PositiveThe Wall Street JournalIn Influenza, [Brown] builds effectively on his clinical and scientific career, making the virus itself central to his story ... Although his story is a somber one, Dr. Brown’s account is punctuated by some humor and much avuncular advice ... he offers engaging descriptions of influenza treatments then and now ... Dr. Brown provides the better overview of the subject [compared with Catharine Arnold\'s Pandemic 1918, weaving history and contemporary virology and clinical practice together ... [Influenza] reminds us how much the world has changed...that influenza is still a real and present threat and demonstrates the power and limitations of modern medicine.
PositiveThe Wall Street Journal\"The stories of a few of these victims (and some survivors) are central to Ms. Arnold’s Pandemic 1918. She is good at looking at civilians as well as troops and their nurses and doctors and at teasing out the human side of the catastrophe ... Ms. Arnold, a British popular historian, uses... contemporary scientific activity to round out her account, but her center of gravity is the original pandemic, whose final toll can never be known. Her stories, many taken from previous historical works but also from newspaper accounts and archival material, make good reading. There are, however, a few signs of haste: She once relocates Fort Riley to Texas; the historian Alfred Crosby, author of a pioneering study of the pandemic, is once dubbed Albert; the British public health doctor J.A. Turner becomes \'Turned\'; and quinine, often used in influenza cases in 1918, is confidently described as no longer being recommended then for treating malaria, though it certainly was. These and other slips mar her account but do not negate the powerful stories of ordinary people—children, brides, farmers, soldiers, nurses, doctors—that form the heart of her book.\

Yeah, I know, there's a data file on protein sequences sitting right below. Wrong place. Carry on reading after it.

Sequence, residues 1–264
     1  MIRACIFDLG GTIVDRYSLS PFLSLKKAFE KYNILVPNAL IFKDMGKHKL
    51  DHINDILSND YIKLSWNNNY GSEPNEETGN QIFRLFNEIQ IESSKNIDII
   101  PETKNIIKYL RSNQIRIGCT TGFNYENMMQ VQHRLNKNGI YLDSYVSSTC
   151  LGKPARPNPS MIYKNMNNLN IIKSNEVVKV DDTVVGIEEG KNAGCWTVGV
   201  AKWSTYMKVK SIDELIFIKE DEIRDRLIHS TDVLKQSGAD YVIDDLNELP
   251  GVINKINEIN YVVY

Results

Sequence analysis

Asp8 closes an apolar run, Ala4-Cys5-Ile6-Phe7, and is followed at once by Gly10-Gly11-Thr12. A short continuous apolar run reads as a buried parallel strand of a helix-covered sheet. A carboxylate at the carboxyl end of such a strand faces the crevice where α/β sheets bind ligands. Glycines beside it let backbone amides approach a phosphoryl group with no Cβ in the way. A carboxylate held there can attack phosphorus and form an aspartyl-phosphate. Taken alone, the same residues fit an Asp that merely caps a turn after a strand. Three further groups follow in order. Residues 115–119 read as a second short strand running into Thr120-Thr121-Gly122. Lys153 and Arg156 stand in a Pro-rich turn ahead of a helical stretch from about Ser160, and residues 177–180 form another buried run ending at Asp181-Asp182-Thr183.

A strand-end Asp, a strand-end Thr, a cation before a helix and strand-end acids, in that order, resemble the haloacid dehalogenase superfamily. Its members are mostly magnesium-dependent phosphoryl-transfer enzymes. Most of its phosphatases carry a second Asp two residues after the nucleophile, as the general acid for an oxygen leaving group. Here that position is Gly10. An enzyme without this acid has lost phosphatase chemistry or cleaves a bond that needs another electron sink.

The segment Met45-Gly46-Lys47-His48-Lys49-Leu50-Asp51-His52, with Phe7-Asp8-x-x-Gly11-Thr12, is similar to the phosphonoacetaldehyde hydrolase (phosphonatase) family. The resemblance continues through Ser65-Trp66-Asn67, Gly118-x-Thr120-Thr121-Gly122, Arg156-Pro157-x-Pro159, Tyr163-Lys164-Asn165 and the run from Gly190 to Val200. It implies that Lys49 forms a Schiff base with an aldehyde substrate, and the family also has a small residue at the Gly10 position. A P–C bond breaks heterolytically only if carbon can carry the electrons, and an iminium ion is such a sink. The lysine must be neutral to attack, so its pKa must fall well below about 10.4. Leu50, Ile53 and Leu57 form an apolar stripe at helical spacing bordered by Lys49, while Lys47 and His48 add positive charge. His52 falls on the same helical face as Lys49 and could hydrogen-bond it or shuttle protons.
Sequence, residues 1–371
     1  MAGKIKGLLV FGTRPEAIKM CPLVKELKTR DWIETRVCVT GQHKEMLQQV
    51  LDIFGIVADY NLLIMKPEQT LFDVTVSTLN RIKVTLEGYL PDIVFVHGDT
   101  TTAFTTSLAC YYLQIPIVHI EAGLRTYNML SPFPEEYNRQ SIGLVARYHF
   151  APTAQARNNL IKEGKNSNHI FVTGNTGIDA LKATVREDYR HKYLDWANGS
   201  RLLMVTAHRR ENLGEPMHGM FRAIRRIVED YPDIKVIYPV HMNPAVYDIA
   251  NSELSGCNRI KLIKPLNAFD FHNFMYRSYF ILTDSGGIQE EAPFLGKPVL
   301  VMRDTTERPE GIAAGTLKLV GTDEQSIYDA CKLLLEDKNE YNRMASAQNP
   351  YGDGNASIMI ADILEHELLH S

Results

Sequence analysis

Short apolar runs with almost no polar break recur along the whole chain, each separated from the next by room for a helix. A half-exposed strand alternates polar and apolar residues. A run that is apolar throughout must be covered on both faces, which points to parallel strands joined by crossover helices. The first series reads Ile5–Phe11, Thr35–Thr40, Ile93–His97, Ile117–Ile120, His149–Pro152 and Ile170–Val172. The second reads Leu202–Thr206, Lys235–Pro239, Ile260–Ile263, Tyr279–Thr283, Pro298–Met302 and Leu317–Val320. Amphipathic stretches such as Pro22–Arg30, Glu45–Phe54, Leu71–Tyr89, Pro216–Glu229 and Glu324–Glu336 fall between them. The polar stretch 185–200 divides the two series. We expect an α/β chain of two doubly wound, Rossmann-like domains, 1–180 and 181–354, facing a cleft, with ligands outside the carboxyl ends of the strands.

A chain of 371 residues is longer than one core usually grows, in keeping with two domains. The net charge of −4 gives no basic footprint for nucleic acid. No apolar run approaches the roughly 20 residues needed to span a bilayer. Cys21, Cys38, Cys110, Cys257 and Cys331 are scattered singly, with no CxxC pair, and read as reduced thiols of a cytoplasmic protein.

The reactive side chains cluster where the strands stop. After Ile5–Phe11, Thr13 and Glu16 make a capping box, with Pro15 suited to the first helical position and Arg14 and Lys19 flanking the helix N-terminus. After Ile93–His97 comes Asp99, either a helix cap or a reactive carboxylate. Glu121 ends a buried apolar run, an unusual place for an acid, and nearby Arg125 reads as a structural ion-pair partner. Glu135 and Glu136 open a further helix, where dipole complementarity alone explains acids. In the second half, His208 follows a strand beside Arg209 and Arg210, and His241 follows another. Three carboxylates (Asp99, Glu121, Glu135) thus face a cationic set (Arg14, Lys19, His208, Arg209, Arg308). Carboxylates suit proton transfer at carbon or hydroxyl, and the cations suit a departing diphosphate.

MixedThe Wall Street JournalWe live in a world of risk and risk assessment. The trouble is that if you or your child happens to experience a one-in-a-million event, a remote possibility becomes a certainty. That’s good when it’s the lottery, bad when it’s a disease. Many people also increasingly distrust the \'experts\' who are judging risk, especially when it comes to a child’s well-being ... Michael Kinch has spent his career studying vaccines, but he has sympathy for these parents. In Between Hope and Fear: A History of Vaccines and Human Immunity, he acknowledges the risk—real, if slight—that any vaccination might produce unwanted consequences, and he writes of several disastrous episodes ... This is a fine book, marred only by a few factual slips.